The Hill Giant Chief - Nosnra's Saga - Part 3
The retreating hill giant, or so the apparition appeared to be, stood facing the massive wooden doors, but as its hands reached out its fingers disappeared into the surface of the wood. It was a thing of no substance or solidity. Its form began to waver and the door began to move, creaking on rusty hinges and inching along wider and wider. As the door slowly opened Nosnra pushed himself to his feet, splinters of wood piercing his hand and arm sending a dozen trickles of blood dripping down to the floor.
Ursoth ran to his fallen master, but Nosnra ignored the brush of the bear's furry side against his leg and took a stumbling sprint forward. Ahead, the semblance of a giant had slipped through the narrow crack between door and frame, its chest and shoulders passing through the hard-grained wood like steam through an iron grate.
It took precious moments to cross the long passage from the hall proper to the double-doored entranceway. Nosnra swore vilely under his breath cursing the clutter of benches and tables which had slowed his pursuit and sent him tumbling to the ground. He reached out and grabbed the door by its edge and swung it open with great force, a hinge bolt shot from its anchor in the wooden frame and gave a dull thud against a nearby wall.
Beyond the passage lay a vast entry hall lined with cloaks hanging from a forest of pegs set in the wall. Below the cloaks, piles of skin-wrapped bundles and scatterings of carryalls and packs littered the floor. A cold, damp draft blew from the outer doors. The great ironbound portals let in the breeze, left open when they should have been shut fast.
"Eadnoth!" Nosnra shouted. The young warrior was nowhere to be seen.
"Eadnoth!" he yelled out the name but expected no reply. Was that the phantom spirit he saw, deaf to his entreaties, in the great hall? With quick strides he crossed to the outer doors.
The night was filled with noise, a constant patter of rain as its backdrop. Looking out into the starless dark he could see nothing, no sign of his errant guard.
"Eadnoth!" he called once more into the rain, but there was no reply. A fire built within him. This was no uneasy dream which sent him away from his bed and well-earned sleep. Where was this guard? What was the silent form he had come chasing after? He had no answer. Now he would rouse his people and set the steading astir.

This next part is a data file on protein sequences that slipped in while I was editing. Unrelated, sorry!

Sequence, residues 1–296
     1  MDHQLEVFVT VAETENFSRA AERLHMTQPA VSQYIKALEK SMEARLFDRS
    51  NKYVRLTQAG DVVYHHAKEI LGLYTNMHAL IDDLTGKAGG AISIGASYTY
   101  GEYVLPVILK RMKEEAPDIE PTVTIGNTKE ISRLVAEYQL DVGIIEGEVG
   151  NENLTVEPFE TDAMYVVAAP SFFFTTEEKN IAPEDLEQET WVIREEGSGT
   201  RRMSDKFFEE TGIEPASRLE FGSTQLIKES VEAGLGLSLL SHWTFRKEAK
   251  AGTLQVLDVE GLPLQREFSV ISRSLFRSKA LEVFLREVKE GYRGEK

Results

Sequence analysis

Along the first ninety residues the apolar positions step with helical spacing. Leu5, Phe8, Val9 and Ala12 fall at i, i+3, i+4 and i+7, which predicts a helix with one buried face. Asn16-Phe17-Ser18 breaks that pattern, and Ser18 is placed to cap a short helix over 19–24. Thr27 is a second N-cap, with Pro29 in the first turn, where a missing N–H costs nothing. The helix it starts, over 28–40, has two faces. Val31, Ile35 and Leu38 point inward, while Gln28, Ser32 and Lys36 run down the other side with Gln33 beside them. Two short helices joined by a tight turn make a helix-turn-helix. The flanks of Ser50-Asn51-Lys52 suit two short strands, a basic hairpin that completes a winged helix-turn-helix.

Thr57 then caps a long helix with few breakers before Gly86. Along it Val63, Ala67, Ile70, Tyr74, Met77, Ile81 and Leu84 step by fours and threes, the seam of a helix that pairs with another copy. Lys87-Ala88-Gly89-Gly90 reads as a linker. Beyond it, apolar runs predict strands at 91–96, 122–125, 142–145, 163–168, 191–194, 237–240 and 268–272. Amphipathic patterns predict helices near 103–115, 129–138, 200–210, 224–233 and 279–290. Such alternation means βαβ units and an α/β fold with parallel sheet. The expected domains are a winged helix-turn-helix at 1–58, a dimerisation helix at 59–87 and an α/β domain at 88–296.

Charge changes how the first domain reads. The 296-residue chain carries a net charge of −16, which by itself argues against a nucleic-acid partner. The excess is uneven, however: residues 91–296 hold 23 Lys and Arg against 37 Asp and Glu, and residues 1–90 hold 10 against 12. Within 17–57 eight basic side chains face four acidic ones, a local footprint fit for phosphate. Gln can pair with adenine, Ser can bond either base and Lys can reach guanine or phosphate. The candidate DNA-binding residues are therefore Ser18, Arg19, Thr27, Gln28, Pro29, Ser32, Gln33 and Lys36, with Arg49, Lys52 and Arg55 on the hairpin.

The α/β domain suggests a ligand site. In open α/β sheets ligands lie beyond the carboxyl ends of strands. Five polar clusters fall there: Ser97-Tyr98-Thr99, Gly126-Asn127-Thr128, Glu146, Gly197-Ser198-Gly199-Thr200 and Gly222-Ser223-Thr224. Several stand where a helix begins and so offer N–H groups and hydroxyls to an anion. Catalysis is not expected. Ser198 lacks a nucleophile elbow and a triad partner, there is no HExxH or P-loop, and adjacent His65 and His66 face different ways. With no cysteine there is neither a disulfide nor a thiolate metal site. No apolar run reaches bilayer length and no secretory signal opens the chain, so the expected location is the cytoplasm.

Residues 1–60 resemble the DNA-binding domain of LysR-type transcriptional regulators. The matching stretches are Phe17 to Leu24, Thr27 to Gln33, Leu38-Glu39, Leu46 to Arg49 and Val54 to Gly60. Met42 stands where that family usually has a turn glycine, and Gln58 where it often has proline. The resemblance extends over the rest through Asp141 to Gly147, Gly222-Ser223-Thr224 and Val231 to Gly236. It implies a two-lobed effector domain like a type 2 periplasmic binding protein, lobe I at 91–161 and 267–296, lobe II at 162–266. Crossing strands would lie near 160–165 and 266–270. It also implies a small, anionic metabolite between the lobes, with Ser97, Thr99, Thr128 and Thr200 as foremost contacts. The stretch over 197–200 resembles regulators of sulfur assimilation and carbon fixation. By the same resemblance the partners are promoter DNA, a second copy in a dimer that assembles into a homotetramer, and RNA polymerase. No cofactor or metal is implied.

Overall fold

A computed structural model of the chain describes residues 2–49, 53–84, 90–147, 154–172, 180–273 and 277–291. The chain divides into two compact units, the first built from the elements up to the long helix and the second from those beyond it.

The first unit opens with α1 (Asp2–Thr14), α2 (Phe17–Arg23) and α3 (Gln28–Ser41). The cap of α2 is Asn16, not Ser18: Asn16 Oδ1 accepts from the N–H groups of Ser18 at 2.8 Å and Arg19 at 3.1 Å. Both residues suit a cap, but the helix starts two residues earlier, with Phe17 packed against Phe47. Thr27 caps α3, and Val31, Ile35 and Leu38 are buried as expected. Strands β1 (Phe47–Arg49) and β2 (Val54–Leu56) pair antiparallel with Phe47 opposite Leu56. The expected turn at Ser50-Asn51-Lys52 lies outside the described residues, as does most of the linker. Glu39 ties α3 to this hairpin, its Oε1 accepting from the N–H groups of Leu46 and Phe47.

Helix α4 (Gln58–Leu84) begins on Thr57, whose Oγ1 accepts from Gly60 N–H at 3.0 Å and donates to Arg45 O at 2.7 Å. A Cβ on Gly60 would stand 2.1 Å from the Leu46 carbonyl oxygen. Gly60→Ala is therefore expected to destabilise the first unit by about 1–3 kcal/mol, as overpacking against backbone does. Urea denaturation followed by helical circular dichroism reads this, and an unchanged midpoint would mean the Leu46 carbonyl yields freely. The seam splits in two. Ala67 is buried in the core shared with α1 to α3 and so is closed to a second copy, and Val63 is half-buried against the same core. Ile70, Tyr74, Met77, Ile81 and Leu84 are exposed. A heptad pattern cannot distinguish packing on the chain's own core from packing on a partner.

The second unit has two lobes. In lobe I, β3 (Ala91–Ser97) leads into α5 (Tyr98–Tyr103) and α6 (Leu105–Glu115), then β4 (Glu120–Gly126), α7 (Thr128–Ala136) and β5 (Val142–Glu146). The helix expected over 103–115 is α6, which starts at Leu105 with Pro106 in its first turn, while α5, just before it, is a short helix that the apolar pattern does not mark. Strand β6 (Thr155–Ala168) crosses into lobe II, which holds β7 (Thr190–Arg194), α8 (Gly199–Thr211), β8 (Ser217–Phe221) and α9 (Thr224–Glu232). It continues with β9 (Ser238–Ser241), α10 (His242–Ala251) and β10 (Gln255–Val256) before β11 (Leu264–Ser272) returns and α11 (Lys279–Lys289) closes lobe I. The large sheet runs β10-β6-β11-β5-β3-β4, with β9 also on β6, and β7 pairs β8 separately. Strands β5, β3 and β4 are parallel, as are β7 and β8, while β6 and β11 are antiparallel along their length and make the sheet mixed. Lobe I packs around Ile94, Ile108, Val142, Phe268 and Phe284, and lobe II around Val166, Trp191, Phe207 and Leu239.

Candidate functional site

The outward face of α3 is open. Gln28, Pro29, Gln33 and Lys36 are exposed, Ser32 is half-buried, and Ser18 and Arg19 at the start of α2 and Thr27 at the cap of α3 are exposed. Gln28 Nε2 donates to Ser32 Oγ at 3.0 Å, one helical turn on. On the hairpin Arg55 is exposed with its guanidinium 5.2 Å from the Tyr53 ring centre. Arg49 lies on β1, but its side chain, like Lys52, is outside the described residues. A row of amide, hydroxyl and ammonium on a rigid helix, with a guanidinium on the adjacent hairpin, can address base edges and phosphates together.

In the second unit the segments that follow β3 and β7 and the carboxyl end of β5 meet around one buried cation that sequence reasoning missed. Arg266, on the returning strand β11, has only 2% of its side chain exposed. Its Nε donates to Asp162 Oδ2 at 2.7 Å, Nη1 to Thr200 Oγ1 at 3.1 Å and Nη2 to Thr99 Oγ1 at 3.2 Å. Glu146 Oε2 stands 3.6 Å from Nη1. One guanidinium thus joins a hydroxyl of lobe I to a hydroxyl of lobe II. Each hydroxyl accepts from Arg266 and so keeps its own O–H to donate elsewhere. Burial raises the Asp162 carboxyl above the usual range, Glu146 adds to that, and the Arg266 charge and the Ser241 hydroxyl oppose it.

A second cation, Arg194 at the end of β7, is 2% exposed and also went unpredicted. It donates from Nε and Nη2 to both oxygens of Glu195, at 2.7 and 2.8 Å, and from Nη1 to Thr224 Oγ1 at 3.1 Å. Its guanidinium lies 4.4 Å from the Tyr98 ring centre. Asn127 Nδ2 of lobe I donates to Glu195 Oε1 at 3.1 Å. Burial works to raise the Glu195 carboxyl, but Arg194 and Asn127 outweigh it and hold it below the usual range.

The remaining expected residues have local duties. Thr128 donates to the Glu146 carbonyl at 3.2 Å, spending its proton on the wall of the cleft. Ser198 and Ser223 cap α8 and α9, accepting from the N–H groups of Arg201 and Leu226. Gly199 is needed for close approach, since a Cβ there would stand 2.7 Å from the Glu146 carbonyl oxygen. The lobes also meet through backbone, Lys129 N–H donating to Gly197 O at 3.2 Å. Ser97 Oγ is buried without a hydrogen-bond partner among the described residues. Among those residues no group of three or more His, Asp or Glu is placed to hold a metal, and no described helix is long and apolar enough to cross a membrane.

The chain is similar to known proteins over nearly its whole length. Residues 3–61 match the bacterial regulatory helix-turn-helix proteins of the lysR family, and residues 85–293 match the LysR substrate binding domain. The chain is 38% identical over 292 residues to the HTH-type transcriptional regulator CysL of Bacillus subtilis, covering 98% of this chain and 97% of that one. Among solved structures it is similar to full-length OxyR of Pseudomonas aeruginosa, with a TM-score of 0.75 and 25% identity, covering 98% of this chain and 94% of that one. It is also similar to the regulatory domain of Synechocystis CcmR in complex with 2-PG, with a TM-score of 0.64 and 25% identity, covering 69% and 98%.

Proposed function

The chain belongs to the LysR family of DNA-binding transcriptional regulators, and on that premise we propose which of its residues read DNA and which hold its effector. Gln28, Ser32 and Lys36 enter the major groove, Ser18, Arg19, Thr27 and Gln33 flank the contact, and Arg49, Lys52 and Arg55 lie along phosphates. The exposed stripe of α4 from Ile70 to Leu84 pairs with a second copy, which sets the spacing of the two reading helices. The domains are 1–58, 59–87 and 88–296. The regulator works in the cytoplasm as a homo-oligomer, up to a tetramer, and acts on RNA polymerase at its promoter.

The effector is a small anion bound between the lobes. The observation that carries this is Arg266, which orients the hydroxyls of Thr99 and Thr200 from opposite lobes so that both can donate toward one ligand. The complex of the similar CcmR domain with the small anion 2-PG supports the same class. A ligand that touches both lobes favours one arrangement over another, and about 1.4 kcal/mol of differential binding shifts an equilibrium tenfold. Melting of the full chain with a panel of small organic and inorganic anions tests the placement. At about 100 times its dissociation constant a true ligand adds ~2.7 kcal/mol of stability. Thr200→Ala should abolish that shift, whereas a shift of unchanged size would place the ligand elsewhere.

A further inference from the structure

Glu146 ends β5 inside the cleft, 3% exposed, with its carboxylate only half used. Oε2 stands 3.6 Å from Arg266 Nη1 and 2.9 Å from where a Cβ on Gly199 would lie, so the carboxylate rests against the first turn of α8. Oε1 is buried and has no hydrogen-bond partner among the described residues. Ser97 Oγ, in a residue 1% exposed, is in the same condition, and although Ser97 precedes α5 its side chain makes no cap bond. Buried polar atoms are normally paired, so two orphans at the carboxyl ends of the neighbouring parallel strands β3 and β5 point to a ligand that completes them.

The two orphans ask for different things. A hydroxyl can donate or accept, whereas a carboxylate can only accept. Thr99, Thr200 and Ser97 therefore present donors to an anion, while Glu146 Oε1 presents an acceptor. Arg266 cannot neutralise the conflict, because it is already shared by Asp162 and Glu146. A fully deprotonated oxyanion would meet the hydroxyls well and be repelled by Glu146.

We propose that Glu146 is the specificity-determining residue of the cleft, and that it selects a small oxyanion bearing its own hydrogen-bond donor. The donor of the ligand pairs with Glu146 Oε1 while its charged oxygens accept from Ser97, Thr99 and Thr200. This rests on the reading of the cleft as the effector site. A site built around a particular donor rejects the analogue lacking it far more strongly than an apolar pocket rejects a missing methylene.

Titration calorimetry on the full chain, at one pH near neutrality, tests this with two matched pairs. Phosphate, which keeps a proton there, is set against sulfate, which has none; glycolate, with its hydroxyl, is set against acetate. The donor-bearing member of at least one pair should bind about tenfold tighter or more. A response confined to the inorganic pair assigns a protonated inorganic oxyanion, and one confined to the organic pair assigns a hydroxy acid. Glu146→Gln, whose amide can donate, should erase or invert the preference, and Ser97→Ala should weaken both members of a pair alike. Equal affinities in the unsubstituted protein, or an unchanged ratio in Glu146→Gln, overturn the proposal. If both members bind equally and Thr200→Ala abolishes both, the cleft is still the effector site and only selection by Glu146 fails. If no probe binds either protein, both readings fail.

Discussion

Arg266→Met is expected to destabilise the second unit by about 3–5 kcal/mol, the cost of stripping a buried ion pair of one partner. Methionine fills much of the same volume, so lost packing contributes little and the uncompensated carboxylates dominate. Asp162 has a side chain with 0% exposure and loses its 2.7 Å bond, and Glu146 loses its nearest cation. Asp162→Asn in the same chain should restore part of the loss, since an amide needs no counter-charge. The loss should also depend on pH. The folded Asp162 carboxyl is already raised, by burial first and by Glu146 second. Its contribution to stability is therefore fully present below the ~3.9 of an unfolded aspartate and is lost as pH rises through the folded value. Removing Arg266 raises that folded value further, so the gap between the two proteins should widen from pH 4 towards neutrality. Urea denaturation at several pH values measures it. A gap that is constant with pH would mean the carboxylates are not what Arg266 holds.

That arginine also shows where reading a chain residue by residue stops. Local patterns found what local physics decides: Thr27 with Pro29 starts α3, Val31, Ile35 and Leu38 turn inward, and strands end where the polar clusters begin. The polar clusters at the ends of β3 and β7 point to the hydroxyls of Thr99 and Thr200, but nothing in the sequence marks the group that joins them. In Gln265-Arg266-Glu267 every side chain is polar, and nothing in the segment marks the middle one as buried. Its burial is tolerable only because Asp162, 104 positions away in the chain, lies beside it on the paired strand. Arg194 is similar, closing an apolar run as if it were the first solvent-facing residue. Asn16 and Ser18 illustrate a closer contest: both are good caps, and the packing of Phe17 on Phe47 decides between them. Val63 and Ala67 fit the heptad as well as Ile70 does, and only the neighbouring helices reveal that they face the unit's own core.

The watchtower stairs were before him, he had but to cross the entry hall and follow them to the upper chamber. In his mind he could hear the clanging of the steel hammer on the iron bars, the alarm raised and the phantoms which plagued him chased into the night.
* * *
The wooden steps boomed beneath his feet, but they had been built with such punishing urgency in mind.
"Huon, sound the alarm!" Nosnra called ahead of him but there was no reply. His watchman lay silent and still, his back propped against the tower wall. A monstrous flagon sat overturned beside him, a dark pool spilled out over the floor where he rested.
"In your cups are you!" Nosnra swore and pounced upon the indolent form. His anger was great and he lashed out with a vicious kick. The blow landed with a dull thud and knocked the lifeless body over and about. Huon stared at his chieftain with eyes blinded by death, his head lolled at a careless angle, his throat opened from ear to ear.
The iron bar, twisted into an awkward circular hoop, sent a jarring dissonant clangor out across the steading. It resonated through the very timbers of wall and floor and roof. Nosnra struck it again and again, bringing forth an explosion of sparks with each relentless blow. Suddenly he stopped, a sweat had broken out across his face, his chest, his arms, and he stood red-faced and puffing as he breathed. He recovered quickly, but as the last of the echoing cacophony faded from hearing, the sound of approaching feet drummed across the floor below him.
Eadwig, bravest of his warriors, clambered up the watchtower steps and ran to answer the alarm. "Thegn!" he cried out, taken by surprise at the sight of his chieftain at the alarm. "What has happened? Where is Huon?"
"Dead," Nosnra said flatly and pointed toward the upturned face of the watchman.
Just beyond Eadwig, not daring to enter the room, a company of hill giants gathered. Sleep-lidded eyes and hair all astray, barefoot some, shirtless others, they lined the stairwell awaiting direction.
"Some foulness has come within the walls," The hammer dropped from his hands with a clang. The alarm raised, it made a poor weapon; its use was past. Nosnra walked toward the stairs empty-handed. "Is Eadnoth among you?" he called to the assemblage.
"Eadnoth!" The subchief cried out in much the way he had greeted his chief, both with surprise and alarm. "My brother! Thegn, what has happened here? Where is he?"
"Evil things," Nosnra answered. "Eadnoth watched the door as Huon the tower." He looked sadly at Eadwig. "Go," he said quietly. "Search him out. Take some of those," he nodded toward the stair, "and I will be in my hall. Return there when you have some word."
Eadwig did not delay, he lowered his head with a respectful bob then turned and called forth two of those gathered to follow him.
"Thiodolf," Nosnra called to a scarred and ancient giant whose pate was bald, ears notched and nose flattened from a crushing blow dealt to him long years ago.
"Yes, Thegn!" Thiodolf came forward without hesitation, he needed no further command. A tuneless whistle escaped from his lips as he eyed the body of Huon, but his attention snapped back in an instant, careful not to anger his chief by disregard. "Intruders are about," he stated the obvious.